l'Armoricaine from Armorica, the Gallic name for Brittany and
surrounds, but those ingredients, as David points out again, were
not part of that region's cuisine.
I've found a number of recipes for lobster à l'Américaine with slight variations, but they all agree that live lobster is critical to a genuine result. Olive oil, onion, carrot, shallot, white wine or vermouth, fish stock, meat glaze, flamed Cognac and tomatoes are common to all professional recipes. Cayenne pepper is often used, and French tarragon and parsley, but what really makes the difference is using the tomalley or "coral" (the greenish delicacy found inside) from a female lobster to make the composite butter that binds the sauce.
While "elaborate" seems an appropriate description of this dish, one shouldn't be frightened of cooking it - this is one of the most delicious dishes I have ever eaten and well worth the effort. One needs to adopt the restaurant approach in the mise en place, or preparation: cut, dice and measure all the ingredients first so once the cooking starts it flows smoothly. Ask your fishmonger for a female lobster; check that the legs next to the tail have two claws since males only have one. If you need to buy the rock lobster up to a day in advance of cooking don't refrigerate it; simply place it in a secure container and cover it with a bath towel, then store it in a coolish dark place. Before you start, put the lobster in the freezer for about 45 minutes or until it shows no movement. I take the extra step of piercing the head between the eyes to be sure the creature is dead.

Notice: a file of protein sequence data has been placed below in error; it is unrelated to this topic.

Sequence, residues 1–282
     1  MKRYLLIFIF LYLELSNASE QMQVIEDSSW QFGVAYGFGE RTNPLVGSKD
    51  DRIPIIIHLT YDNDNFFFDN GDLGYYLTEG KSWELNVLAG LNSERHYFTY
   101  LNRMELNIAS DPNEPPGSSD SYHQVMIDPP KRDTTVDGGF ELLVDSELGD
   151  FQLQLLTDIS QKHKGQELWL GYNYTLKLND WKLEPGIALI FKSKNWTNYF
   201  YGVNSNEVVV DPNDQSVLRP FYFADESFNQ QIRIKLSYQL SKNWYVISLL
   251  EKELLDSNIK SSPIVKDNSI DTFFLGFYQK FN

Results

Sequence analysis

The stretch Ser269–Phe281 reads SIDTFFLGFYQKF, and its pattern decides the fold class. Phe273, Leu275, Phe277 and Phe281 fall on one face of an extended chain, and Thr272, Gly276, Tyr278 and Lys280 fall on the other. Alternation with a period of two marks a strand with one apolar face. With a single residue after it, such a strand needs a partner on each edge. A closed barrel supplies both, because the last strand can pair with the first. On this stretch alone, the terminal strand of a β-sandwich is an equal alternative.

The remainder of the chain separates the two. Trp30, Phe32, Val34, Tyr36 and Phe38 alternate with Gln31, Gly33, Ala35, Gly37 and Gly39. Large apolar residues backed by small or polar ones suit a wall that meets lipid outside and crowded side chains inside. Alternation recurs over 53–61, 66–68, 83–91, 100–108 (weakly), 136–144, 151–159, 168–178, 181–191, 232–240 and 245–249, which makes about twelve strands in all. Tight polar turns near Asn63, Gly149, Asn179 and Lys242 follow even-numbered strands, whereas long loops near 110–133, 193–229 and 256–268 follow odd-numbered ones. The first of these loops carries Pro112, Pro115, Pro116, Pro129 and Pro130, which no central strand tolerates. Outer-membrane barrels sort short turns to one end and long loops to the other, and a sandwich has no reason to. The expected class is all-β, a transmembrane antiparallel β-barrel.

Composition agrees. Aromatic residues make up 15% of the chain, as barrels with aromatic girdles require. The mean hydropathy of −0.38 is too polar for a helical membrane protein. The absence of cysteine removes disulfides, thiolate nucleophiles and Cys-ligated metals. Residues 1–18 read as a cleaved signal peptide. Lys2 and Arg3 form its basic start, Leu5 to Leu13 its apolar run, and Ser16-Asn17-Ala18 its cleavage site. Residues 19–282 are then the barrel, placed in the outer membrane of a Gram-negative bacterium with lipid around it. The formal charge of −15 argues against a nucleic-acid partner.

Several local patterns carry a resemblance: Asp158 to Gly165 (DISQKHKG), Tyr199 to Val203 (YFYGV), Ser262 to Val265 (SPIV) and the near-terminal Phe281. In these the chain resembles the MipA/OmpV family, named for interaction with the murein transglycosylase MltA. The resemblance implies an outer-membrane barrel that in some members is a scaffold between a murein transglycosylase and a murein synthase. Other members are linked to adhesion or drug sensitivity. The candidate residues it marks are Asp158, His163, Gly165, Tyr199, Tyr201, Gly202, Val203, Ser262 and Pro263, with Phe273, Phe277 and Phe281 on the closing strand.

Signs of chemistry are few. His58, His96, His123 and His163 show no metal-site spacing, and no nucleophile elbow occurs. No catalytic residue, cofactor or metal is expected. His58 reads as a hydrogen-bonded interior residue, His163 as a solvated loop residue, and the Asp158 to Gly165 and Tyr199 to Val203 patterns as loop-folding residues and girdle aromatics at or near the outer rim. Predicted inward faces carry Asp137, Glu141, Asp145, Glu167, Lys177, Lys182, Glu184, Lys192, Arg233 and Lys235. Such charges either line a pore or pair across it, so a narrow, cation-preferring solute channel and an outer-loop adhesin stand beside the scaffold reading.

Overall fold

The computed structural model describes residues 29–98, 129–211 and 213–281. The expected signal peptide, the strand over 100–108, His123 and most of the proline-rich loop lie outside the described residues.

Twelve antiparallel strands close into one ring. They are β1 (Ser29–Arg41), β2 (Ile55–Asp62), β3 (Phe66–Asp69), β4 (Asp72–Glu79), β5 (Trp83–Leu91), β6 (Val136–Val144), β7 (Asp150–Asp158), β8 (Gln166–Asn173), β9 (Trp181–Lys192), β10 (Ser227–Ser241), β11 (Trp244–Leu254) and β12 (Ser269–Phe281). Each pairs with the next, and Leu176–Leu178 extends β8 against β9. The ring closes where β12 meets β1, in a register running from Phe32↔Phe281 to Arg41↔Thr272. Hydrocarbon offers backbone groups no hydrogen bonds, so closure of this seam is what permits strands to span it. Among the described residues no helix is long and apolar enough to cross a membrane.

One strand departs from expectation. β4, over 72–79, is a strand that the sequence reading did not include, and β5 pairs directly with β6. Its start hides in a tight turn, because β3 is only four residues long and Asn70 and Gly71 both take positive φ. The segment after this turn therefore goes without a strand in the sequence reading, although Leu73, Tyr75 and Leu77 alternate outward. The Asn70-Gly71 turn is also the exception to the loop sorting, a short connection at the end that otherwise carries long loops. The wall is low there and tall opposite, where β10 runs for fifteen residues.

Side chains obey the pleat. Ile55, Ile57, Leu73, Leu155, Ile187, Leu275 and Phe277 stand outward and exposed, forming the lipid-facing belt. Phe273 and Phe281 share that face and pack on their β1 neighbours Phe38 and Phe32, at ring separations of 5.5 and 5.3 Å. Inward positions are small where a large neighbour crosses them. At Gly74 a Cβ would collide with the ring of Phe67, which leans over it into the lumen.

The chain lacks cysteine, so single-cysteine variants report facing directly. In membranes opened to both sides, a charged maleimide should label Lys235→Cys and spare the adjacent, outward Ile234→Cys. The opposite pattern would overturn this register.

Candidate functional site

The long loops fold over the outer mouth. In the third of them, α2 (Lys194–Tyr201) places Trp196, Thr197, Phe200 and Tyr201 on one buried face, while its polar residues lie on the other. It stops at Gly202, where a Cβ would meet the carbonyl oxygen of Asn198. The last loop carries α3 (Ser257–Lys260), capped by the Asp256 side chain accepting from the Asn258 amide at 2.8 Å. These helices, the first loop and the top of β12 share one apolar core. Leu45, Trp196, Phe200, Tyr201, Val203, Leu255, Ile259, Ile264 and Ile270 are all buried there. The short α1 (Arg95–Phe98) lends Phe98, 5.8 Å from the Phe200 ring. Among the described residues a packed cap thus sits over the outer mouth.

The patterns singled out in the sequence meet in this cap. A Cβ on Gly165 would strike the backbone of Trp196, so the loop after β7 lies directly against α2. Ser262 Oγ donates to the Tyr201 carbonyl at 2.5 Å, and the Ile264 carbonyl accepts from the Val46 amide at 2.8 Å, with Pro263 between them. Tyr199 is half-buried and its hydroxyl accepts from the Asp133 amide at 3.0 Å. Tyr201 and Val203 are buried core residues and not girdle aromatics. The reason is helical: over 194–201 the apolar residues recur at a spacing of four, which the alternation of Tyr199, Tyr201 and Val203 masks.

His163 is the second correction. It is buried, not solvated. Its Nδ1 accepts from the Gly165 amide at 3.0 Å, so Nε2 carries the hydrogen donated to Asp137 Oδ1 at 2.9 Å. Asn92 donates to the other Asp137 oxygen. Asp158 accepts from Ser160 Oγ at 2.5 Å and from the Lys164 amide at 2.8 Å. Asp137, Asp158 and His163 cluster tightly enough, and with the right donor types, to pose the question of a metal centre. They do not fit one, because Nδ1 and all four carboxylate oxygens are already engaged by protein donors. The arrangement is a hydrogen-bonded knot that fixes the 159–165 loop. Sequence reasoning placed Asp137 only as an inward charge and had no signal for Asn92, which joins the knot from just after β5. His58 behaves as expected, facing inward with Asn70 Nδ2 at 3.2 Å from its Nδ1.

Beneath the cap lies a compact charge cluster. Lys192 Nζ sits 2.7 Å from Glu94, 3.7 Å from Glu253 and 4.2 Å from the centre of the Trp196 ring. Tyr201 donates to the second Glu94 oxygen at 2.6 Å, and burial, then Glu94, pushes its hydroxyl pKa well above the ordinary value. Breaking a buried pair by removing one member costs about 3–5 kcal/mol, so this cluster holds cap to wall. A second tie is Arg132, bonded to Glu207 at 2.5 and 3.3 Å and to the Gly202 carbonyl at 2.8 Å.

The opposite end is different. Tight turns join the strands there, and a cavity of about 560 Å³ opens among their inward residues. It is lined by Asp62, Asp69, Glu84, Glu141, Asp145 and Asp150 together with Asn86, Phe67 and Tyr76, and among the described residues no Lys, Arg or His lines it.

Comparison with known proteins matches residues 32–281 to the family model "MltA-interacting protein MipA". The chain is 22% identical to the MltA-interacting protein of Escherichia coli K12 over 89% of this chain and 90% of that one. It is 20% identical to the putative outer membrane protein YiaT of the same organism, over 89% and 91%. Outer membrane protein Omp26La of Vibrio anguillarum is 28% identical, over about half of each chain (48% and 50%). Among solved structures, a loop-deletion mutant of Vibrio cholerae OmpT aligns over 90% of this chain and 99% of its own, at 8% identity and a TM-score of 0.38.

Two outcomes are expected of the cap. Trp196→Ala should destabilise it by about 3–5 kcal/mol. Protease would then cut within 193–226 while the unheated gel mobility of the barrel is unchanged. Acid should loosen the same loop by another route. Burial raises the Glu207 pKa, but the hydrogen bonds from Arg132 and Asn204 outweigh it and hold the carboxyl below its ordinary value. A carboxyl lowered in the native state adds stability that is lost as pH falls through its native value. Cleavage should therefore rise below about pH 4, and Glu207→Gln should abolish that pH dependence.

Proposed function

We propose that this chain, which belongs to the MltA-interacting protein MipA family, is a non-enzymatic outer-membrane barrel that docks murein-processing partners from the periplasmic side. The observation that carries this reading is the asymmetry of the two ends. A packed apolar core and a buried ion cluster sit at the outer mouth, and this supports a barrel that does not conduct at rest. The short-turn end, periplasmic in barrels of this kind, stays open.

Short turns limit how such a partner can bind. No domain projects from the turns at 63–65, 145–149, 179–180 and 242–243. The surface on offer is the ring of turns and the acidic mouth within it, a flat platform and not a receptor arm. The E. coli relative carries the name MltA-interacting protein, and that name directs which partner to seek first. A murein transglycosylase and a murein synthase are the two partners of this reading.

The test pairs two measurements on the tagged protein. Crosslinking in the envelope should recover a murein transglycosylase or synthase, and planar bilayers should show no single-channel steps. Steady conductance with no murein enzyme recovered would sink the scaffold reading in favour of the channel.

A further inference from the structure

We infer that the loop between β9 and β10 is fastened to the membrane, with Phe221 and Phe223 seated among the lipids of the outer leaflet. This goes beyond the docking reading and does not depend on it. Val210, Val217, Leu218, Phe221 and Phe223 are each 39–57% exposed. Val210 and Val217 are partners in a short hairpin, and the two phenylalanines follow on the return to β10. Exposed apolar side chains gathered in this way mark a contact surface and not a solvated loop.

The main difference between European and American lobster and rock lobster is the absence of pincer claws on the latter; these large weapons contain generous amounts of flesh. Rock lobsters are also known as spiny lobsters or crawfish in the US. In Australia we use the names lobster, rock lobster, crayfish and I have also heard the term crawfish, which seems odd.
There are minor differences in the weight, structure and texture of the shells between animals in waters from the north, south and west of the country. Tasmanian or southern rock lobsters have a thinner shell than those found in Sydney Harbour and Western Australia, both of which are very hard and tricky to portion neatly. All have a little sac in front of the eyes, which is the stomach and needs to be discarded. Have a little bowl and a teaspoon on hand to collect the precious tomalley, and it's a bad idea to pre-portion rock lobster since it oxidises, so make this the final step before cooking.
Serve lobster à l'Américaine in a wide shallow dish, preferably with a lid to create a little theatre at the table upon opening it. The traditional accompaniment is a pilaf and the ideal wine match is a flinty sauvignon blanc or a good Chablis or Graves. Don't forget to have fingerbowls on hand and extra linen napkins, since everyone will want to devour this stunningly delicious dish.
Sign up to receive the latest food, travel and dining news direct from Gourmet Traveller headquarters.×